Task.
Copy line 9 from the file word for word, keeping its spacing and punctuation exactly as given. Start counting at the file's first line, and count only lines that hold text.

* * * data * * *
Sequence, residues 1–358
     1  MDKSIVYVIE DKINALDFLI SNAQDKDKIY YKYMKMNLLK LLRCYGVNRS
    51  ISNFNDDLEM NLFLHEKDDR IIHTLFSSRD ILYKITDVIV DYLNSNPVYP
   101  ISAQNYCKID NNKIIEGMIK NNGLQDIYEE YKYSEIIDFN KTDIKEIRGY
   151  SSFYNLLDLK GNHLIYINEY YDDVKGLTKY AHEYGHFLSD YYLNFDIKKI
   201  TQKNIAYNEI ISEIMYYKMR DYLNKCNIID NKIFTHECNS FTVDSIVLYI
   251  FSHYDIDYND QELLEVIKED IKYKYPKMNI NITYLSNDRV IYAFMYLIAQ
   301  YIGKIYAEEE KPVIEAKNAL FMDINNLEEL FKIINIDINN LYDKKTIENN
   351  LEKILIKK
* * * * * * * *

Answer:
   351  LEKILIKK